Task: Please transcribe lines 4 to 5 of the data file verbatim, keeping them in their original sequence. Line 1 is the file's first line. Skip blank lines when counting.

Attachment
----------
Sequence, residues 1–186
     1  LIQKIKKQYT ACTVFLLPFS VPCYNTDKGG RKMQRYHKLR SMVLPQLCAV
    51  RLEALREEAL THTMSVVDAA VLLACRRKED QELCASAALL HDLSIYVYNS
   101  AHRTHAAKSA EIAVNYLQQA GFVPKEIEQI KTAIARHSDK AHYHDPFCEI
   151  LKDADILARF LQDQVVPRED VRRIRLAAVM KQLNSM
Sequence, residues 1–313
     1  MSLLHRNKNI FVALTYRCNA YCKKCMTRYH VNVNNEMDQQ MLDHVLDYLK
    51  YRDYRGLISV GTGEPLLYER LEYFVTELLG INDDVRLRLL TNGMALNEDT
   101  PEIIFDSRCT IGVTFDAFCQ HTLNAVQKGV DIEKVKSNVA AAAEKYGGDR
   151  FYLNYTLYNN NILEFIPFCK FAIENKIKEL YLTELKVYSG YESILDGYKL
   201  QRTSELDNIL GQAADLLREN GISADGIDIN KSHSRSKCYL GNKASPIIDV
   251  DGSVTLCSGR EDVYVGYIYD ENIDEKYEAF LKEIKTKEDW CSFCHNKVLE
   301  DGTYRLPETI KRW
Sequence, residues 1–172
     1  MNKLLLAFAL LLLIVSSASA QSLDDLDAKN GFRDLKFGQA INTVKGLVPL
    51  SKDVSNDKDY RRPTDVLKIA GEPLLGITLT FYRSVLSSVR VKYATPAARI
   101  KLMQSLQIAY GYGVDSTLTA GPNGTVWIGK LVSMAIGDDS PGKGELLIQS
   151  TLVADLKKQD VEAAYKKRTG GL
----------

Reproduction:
   101  AHRTHAAKSA EIAVNYLQQA GFVPKEIEQI KTAIARHSDK AHYHDPFCEI
   151  LKDADILARF LQDQVVPRED VRRIRLAAVM KQLNSM